Supporters of the "shop small" movement were out in force on Small Business Saturday, spending $5.7 billion at small businesses on November 30. The event may have had a nationwide effect on small businesses, but it was also celebrated in a very local way in cities like Staunton, Virginia. In Staunton, not only did small businesses run individual specials, but the whole city got involved in the day's festivities, including free food and music, and even a strolling elf.
"Staunton was bustling on Saturday," says Julie Markowitz, executive director of the Staunton Downtown Development Association. "I toured the shopping district throughout the day and found the stores to be full of people."
"It was our biggest Small Business Saturday yet," says Kathleen Stinehart, owner of Cranberry's Grocery & Eatery, which was giving away free lattes or lunches with purchases. "It’s clear that customers are shopping small on purpose—they love supporting the local community.”
Local entrepreneur John Reese spent more than three decades working in the corporate world for big-box retailers before starting Barking Dog Wine, which offers wines including a wide selection of Virginia wines and craft beers. Barking Dog Wine participated in Small Business Saturday by offering a giveaway gift box for shoppers. Other stores in the neighborhood were offering everything from gift certificate drawings to free artist demonstrations.
"Staunton has become a hotspot for independent small businesses across all sectors," says Steve Owen, Staunton city manager.
"We've worked hard to preserve our community, and also to nurture the creative spirit of the entrepreneurs who are looking to locate in an authentic, thriving small city," Owen continues. "Last year we had 33 new businesses open up in the downtown business district, and we're on track to see a similar number open this year."
Made: By the People, For the People, a small business started by Corrie and Lex Park, carries products made in America. They had charity in mind for Small Business Saturday: Ten percent of all their sales that day were donated to a need-based scholarship to benefit a local high school senior who exhibited compassion and leadership.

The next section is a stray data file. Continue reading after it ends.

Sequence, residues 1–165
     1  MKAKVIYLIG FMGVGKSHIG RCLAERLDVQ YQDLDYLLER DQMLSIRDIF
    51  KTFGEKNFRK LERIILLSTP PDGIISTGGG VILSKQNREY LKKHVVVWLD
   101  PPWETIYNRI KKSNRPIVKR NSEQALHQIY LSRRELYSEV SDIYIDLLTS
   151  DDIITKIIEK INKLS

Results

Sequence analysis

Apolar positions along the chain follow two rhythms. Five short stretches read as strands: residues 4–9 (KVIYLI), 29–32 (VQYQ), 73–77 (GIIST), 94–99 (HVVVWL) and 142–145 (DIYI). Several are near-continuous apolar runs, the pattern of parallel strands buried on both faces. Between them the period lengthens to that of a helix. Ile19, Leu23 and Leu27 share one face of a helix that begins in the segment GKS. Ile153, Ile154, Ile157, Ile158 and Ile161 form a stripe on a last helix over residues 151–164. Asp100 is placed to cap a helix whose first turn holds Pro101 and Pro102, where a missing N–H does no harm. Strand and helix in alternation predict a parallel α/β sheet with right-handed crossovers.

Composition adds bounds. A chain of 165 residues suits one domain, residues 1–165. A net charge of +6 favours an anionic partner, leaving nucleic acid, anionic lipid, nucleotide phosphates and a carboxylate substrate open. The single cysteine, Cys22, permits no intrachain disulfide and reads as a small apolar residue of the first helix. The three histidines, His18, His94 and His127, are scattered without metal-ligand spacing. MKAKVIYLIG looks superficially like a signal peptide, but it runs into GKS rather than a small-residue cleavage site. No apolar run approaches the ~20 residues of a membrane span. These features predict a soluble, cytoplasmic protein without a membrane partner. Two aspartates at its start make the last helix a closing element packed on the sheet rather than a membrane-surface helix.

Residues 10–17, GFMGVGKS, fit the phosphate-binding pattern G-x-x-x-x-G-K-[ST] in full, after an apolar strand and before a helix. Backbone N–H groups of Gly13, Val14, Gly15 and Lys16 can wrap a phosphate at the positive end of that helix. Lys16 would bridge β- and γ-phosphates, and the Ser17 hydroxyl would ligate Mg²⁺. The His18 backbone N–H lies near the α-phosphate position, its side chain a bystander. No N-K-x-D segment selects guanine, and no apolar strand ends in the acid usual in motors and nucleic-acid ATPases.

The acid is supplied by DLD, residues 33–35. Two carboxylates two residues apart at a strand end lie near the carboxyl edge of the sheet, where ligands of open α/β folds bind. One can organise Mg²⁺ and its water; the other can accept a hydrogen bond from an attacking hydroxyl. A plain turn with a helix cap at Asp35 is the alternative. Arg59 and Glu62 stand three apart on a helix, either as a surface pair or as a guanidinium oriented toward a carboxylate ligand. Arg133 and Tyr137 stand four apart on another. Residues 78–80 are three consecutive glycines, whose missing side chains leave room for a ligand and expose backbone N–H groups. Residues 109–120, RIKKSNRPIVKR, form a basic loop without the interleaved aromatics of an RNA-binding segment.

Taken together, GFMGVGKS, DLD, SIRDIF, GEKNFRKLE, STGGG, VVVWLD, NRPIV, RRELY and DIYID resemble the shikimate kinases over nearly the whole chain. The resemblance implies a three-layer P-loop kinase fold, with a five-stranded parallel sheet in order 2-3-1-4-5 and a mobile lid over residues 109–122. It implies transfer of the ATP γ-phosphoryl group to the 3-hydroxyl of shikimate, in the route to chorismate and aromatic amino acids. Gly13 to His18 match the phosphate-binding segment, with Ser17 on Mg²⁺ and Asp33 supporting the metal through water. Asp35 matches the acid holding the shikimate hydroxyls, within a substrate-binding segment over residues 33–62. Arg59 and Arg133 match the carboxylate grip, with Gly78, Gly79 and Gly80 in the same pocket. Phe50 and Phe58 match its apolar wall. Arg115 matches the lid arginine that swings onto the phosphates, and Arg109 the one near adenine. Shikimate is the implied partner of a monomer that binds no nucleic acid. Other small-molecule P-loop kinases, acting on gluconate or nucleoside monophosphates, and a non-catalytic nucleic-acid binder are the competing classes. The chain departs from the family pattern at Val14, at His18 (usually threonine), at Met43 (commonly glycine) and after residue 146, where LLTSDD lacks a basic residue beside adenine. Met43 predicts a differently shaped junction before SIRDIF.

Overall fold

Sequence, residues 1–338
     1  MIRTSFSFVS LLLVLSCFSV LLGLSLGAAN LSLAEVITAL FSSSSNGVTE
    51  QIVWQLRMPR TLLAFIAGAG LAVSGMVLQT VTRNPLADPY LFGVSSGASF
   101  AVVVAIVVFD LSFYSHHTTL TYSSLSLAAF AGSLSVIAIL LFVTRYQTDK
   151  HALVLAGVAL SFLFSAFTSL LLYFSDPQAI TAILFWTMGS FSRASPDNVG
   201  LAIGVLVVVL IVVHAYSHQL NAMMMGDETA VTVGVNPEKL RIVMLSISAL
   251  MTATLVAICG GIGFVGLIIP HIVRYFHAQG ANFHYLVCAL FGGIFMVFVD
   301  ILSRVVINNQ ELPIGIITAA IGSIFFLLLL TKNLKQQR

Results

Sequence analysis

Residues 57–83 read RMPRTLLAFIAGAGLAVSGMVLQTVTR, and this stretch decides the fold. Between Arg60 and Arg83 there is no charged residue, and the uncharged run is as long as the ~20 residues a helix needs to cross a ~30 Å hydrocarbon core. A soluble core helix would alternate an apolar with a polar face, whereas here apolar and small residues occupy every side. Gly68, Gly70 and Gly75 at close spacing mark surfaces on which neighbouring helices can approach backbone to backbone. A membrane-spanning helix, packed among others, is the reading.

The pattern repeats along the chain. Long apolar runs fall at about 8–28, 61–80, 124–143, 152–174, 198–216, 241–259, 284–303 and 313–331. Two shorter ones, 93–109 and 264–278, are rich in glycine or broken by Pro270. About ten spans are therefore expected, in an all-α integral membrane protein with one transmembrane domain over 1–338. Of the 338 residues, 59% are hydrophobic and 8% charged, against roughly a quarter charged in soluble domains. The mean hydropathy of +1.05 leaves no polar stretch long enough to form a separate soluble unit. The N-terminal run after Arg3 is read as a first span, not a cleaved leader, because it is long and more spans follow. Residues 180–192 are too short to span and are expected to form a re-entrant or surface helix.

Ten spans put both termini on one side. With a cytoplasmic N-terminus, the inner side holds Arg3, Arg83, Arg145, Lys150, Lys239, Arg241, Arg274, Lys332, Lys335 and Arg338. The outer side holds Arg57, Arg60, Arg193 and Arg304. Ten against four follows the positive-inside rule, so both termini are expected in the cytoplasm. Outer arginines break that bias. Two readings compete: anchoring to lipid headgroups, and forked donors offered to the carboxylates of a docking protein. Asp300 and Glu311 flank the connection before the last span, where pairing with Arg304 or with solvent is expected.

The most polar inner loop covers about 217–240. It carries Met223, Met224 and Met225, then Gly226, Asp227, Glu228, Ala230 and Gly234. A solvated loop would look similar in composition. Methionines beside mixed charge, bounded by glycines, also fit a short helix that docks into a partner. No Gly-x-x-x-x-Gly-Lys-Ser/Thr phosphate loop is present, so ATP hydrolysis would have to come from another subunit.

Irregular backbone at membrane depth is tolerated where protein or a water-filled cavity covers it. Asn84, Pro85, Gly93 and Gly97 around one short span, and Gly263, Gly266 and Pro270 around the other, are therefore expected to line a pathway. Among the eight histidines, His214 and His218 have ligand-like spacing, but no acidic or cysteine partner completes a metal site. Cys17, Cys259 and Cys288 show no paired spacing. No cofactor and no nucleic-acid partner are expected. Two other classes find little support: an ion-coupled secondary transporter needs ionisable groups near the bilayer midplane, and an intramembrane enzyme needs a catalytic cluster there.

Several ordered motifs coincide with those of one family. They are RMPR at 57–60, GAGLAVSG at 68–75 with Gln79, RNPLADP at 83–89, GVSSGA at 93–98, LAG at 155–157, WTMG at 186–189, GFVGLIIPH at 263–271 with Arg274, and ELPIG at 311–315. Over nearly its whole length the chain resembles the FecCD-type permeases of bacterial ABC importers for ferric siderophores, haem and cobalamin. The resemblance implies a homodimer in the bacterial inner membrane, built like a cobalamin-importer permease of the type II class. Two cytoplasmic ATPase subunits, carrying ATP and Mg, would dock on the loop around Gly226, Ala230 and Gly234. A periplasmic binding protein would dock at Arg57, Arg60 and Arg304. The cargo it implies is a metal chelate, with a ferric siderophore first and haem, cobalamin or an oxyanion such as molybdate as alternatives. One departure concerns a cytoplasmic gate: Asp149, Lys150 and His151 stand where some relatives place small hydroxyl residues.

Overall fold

"Many stores posted grateful thank-you notes to customers on their Facebook pages, boasting about the success of Small Business Saturday," says Markowitz of the Staunton Downtown Development Association. Made: By the People, For the People posted on December 1, "Thanks again for an awesome Small Business Saturday. Open today until 5pm! Cheers!"
Besides carriage rides, the city also offered Christmas caroling, hot chocolate and goodies for the kids.
"We had a great day!" says Erin Blanton, who owns Pufferbellies Toys & Books with her mom, Susan Blanton. "The store was packed with shoppers. What we experienced this year, more so than in years past, was a high number of tourists and visitors. Mostly they were from more urban areas, and they were loving the experience of shopping in an authentic small-town 'Main Street' district."
Pufferbellies is the largest independent, specialty toy store in the Shenandoah Valley of Virginia. "I find from talking to people that they are really beginning to understand the value of small businesses in communities—not just retail, but services and restaurants," Erin adds.
"Downtown Staunton is unique in large part because of its small businesses," says Erin of Pufferbellies. "People love to go to a place and discover something new instead of the same old chain stores and restaurants."
Read more articles on Small Business Saturday.
Photos: Brian Ulrich for OPEN Forum